Education standards flunk `the why' test
Special to the Orlando Sentinel
October 2, 2003
By Marion Brady
Nobody, but nobody, opposes educational standards. Standards -- precise
descriptions of what students should know and be able to do -- are a high
priority in the No Child Left Behind education-reform program. That, no doubt,
is one of the main reasons why the legislation got through Congress with the
near-unanimous support of both political parties.
Some senators and representatives are beginning to have second thoughts about
NCLB. Their criticisms vary, but nobody questions the value of performance
Some of the criticism of NCLB comes from state capitols. Most state budgets are
in the worst shape they've been in for decades, and NCLB is adding to the budget
woes. But all the states seem to agree that performance standards are a good
Some of the criticism of NCLB comes from management experts. They're saying that
changing education is almost impossible under the best of circumstances, and
that trying to do it top-down goes against the advice of just about everyone who
knows anything about organizational dynamics. But management experts agree that
performance standards are a good thing.
Some of the criticism of NCLB comes from traditional conservatives. They believe
the neo-conservatives are taking power away from the states and giving it to
Washington. They've always thought that was a bad idea, and they haven't changed
their minds. But traditional conservatives think that performance standards are
a good thing.
Some of the criticism of NCLB comes from parents. Many don't believe that
decisions about grade retention and graduation should be based on a single
paper-and-pencil test that overrules the judgment of parents and professionals
who've spent hundreds or thousands of hours observing and working with a
student. But parents think performance standards are a good thing.
Some of the criticism of NCLB comes from minorities, from the physically
handicapped, from those for whom English is a second language, and from those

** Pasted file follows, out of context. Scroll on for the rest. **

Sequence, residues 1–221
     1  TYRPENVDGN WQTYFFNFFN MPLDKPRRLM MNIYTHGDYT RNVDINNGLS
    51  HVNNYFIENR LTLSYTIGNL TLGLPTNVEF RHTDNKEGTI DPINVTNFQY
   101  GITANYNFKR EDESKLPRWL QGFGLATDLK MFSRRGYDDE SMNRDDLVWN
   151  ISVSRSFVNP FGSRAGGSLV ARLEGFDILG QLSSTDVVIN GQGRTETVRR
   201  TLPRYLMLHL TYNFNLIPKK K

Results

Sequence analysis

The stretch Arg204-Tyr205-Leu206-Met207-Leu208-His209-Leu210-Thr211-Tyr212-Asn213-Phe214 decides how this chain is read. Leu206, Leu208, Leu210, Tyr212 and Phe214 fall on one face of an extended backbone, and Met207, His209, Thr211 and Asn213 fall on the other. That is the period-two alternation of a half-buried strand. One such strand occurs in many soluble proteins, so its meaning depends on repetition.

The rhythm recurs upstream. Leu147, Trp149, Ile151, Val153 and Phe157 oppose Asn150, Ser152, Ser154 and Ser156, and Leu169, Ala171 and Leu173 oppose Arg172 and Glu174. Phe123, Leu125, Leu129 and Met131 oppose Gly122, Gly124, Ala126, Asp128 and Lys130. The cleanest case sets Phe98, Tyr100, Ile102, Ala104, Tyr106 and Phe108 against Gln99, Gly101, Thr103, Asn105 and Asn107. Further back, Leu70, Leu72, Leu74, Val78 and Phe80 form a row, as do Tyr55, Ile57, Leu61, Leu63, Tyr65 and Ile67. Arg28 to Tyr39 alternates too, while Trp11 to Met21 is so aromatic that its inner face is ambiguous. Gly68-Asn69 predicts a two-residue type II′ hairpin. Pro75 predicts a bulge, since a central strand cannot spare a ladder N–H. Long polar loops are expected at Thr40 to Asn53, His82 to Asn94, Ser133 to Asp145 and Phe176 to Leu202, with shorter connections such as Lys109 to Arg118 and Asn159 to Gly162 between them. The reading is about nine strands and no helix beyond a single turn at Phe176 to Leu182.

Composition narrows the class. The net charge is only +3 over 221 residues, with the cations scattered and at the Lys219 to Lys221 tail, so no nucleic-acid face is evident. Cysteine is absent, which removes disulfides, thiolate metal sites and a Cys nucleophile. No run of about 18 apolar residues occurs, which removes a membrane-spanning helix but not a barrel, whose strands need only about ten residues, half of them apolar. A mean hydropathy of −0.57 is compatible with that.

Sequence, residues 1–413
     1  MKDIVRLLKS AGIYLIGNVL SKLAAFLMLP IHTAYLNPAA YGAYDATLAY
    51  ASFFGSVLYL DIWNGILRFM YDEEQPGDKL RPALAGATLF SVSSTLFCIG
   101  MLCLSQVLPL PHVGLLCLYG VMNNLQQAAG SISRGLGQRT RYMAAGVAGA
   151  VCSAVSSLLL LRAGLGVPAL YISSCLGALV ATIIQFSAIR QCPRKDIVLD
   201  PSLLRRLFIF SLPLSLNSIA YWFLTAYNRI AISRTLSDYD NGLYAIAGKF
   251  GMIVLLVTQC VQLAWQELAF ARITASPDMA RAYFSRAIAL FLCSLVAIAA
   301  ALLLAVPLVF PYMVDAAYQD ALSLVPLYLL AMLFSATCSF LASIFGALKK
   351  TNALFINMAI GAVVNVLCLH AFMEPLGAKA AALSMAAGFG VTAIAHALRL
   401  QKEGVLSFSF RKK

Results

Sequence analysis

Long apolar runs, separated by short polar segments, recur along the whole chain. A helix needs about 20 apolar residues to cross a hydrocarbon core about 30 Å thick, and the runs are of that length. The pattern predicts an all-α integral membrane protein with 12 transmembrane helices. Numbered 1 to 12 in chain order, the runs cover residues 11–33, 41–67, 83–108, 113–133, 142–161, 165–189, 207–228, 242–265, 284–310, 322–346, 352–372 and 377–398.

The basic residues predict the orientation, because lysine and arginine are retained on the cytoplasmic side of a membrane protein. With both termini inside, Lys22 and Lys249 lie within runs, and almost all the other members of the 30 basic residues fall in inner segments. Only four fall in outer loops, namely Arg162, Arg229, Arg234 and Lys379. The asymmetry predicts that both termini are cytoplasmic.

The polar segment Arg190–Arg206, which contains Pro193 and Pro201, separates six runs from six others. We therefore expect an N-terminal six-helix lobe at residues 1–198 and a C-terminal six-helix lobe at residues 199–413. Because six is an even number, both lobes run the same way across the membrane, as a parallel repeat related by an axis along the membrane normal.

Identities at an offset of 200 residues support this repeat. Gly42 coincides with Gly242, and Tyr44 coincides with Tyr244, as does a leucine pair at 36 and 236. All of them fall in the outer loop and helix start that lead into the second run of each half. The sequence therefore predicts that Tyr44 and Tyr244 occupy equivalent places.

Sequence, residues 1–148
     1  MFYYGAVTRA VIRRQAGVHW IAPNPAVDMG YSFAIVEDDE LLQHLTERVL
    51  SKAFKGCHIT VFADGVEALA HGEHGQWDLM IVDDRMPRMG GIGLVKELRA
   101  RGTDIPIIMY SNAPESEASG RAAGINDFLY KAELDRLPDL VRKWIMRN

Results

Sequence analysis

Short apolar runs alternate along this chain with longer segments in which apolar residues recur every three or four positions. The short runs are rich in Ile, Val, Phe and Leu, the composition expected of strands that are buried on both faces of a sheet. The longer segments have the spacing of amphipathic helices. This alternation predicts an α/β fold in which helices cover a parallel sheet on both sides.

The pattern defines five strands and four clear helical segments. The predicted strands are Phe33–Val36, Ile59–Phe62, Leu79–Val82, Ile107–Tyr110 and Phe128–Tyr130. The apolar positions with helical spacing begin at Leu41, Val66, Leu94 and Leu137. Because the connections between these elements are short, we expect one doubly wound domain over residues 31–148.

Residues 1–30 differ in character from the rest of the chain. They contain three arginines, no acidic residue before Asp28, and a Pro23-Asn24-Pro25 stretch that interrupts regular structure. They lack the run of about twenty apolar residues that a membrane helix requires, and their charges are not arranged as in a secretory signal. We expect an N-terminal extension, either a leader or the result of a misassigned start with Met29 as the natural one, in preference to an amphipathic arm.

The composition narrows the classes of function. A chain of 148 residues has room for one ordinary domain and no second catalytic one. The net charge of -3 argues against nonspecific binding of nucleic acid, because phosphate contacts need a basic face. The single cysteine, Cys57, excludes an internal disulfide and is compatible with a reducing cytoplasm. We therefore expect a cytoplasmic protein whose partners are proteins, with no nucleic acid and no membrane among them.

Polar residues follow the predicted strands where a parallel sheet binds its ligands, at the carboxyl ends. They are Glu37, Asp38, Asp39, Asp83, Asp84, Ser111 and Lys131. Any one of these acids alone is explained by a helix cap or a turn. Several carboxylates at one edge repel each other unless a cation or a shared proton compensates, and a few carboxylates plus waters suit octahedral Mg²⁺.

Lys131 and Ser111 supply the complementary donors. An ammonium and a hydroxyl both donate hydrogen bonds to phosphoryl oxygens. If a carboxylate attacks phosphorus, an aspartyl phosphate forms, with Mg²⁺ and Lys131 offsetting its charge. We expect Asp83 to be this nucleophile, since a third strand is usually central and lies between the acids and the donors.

forced to attend falling-down or poorly equipped schools. Is it fair, they ask,
to pretend that the playing field is level? That every student whose promotion
or graduation hangs in the balance has 20/20 vision, adequate hearing, good
teachers, is equally free from hunger or other sources of stress affecting test
Minorities, the handicapped, the English-as-a-second-language students and those
from neglected schools think performance standards are a good thing. They just
oppose tests that fail to take relevant variables into account.
Educators reading the NCLB fine print see the legislation as part of a truly
clever strategy to hang the "failing" label on more schools each year. This,
combined with tax cuts, will eventually so undermine faith in public schools
that parents will clamor for them to be handed over to private corporations. But
educators think that performance standards are a good thing.
Obviously, performance standards are essential.
Which raises a question. A while back there was an effort out in Seattle to
require the legislators who put the state of Washington's educational standards
in place to take the high-stakes tests based on those standards.
Should they have to do that? I like the idea of forcing policy-makers to get a
closer look at the consequences of one of their policies, but their scores on
the Washington Assessment of Student Learning (WASL) wouldn't mean a thing. Good
tests predict, and the WASL can't predict a thing of importance about legislator
And it can't predict a thing of importance about Washington's students.
Why? Because, in both cases, the standards upon which the test is based miss the
point. The same thing is true in every state of the Union. There's great faith
in the idea of standards, but almost no attention is paid to the standards
themselves. If we really cared about standards, we'd demand that every one of
them pass an acid test -- provide proof that meeting the standard contributed to
the successful pursuit of life, liberty or happiness.
We haven't done that, and so the future of your kids and grandkids is being
determined by somebody you never heard of, someone who wrote a standard that
hasn't been subjected to the most logical of all measures -- its relationship to
success in life.
The critical question for every single standard should be, "Why?"
The question isn't being asked.
Marion Brady, a longtime educator, lives in Cocoa. He wrote this commentary
for the Orlando Sentinel. He can be reached at firstname.lastname@example.org.